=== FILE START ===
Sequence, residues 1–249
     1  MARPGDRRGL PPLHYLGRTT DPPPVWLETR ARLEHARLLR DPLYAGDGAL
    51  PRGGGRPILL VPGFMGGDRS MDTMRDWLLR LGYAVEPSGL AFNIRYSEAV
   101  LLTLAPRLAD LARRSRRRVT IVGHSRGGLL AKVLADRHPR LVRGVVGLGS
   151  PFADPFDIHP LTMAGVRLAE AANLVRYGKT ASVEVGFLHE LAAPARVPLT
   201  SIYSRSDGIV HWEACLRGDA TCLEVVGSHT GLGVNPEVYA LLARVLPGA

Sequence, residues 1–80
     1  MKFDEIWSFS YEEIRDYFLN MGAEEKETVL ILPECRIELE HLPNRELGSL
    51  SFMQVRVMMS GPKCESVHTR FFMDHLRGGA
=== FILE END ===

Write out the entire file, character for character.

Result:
Sequence, residues 1–249
     1  MARPGDRRGL PPLHYLGRTT DPPPVWLETR ARLEHARLLR DPLYAGDGAL
    51  PRGGGRPILL VPGFMGGDRS MDTMRDWLLR LGYAVEPSGL AFNIRYSEAV
   101  LLTLAPRLAD LARRSRRRVT IVGHSRGGLL AKVLADRHPR LVRGVVGLGS
   151  PFADPFDIHP LTMAGVRLAE AANLVRYGKT ASVEVGFLHE LAAPARVPLT
   201  SIYSRSDGIV HWEACLRGDA TCLEVVGSHT GLGVNPEVYA LLARVLPGA

Sequence, residues 1–80
     1  MKFDEIWSFS YEEIRDYFLN MGAEEKETVL ILPECRIELE HLPNRELGSL
    51  SFMQVRVMMS GPKCESVHTR FFMDHLRGGA